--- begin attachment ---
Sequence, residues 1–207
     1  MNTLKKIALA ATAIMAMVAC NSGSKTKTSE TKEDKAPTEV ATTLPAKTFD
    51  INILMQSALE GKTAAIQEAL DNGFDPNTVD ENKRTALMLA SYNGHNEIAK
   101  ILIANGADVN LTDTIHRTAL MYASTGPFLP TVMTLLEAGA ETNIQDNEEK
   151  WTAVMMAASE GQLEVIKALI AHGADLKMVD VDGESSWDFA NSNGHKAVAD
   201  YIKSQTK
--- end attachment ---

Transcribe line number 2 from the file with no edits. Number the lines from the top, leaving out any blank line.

     1  MNTLKKIALA ATAIMAMVAC NSGSKTKTSE TKEDKAPTEV ATTLPAKTFD